What’s the Difference Between the SAT and a Normal Test You Would Take in School?

The SAT’s biggest downfall is that it focuses on a such a wide period of curriculum, specifically what they think you should have learned in high school. It doesn’t matter whether or not you’ve ever learned the math that’s on the test, or if you’re ever going to use that math; all that matters is that you can answer the questions and get them right.

Focusing on several years worth of material rather than on a single chapter of a subject shows what a colossal monster of a test the SAT is.

The average test in high school is generally focused on one or two chapters of a subject that you have been learning for the past few weeks. The point of this type of test is to determine how well you grasp the concept of what you’ve been learning.

Another form of test that everyone takes in high school is a final. Everyone dreads finals, and for good reason. Finals alone are a huge chunk of material to study for. You’re tested on everything you’ve learned in the past semester, more than four months of material!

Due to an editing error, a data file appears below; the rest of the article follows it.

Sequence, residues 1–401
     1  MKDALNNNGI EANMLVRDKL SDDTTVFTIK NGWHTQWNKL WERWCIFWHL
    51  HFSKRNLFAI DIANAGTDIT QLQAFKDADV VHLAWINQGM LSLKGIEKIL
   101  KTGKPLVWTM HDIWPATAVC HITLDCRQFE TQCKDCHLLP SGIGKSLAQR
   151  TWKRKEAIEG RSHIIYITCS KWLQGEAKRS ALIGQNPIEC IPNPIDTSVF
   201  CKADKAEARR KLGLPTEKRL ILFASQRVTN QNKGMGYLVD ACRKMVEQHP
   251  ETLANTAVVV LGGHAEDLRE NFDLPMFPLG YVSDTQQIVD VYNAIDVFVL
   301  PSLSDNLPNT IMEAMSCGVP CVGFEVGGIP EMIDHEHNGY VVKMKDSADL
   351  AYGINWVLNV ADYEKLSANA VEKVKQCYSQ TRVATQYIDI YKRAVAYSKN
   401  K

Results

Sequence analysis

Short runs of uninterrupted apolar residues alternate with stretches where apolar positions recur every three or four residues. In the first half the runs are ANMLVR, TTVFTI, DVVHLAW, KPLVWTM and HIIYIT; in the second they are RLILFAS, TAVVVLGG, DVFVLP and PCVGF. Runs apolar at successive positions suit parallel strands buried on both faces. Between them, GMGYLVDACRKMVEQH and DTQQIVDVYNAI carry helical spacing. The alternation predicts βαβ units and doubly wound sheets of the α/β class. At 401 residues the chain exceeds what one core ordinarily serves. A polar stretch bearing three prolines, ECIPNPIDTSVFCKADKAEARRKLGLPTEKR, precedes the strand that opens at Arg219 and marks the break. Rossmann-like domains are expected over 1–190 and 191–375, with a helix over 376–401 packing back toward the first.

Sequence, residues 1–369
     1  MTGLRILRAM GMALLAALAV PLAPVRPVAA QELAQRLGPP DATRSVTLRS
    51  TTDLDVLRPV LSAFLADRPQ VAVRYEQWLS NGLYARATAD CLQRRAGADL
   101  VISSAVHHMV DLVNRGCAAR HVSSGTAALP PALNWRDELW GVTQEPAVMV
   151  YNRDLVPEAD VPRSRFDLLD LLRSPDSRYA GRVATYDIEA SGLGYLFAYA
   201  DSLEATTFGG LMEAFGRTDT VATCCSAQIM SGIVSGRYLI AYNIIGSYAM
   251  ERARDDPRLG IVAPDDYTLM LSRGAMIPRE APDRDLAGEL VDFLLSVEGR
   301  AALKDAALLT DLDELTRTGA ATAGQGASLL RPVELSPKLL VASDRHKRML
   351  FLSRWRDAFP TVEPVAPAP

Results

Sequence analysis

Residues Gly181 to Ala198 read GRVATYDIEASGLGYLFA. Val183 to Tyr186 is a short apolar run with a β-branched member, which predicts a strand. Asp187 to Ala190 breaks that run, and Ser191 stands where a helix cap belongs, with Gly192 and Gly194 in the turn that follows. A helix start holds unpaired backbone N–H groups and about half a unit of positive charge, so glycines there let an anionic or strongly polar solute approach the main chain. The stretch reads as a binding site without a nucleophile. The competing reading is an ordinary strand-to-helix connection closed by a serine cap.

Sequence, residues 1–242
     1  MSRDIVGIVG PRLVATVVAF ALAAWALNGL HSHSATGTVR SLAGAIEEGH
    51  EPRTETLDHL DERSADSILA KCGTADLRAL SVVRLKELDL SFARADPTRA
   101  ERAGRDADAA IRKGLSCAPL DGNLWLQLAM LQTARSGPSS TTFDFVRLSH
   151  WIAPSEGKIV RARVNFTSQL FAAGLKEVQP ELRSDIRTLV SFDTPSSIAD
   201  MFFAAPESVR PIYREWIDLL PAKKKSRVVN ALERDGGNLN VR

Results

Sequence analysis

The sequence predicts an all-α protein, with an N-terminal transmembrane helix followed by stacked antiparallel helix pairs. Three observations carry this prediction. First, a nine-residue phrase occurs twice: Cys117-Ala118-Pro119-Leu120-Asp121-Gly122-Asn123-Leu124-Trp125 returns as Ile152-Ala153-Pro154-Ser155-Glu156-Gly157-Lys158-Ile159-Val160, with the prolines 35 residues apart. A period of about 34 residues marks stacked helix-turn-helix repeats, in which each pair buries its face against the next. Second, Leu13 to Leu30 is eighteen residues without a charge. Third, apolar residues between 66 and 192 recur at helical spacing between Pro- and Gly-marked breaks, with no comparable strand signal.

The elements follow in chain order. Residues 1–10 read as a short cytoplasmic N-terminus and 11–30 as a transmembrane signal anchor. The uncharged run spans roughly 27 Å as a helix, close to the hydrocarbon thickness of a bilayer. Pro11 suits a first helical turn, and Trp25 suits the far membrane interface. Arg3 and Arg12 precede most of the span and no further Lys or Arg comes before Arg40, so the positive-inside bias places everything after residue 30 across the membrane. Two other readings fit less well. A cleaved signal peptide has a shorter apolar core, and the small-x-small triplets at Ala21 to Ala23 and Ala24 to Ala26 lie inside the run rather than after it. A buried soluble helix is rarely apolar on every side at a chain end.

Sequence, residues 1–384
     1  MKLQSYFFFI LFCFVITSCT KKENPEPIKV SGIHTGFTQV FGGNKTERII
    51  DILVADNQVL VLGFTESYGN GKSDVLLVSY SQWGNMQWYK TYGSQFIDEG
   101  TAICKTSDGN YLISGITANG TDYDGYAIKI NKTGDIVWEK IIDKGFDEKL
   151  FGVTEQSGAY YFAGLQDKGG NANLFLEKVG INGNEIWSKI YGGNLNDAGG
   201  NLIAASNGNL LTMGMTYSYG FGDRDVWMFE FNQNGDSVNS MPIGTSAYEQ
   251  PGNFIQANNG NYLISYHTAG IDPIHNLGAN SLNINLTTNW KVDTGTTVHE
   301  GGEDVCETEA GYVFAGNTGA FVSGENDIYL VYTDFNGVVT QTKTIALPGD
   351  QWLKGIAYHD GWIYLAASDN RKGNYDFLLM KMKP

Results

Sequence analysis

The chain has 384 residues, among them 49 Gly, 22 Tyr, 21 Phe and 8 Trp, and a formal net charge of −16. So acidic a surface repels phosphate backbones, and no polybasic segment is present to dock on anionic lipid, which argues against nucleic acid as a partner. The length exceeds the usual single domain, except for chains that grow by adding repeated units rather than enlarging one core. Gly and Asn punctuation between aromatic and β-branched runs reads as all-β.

Instead, imagine being tested on several years worth of material.

The SAT is like a final times twelve. Think about every English and math final you’ve taken or are going to take, now cram them all into one gigantic test; now you’ve got the SAT.

How Do You Study for the SAT?

The literature and reading portions of the test were easy tasks, but those sections of the test weren’t what I was afraid of.

I spent three weeks studying for the SAT in my spare time, and most of that studying was done on math. After studying for the last time the night before the test, I felt as though I was prepared enough to take the test and do well.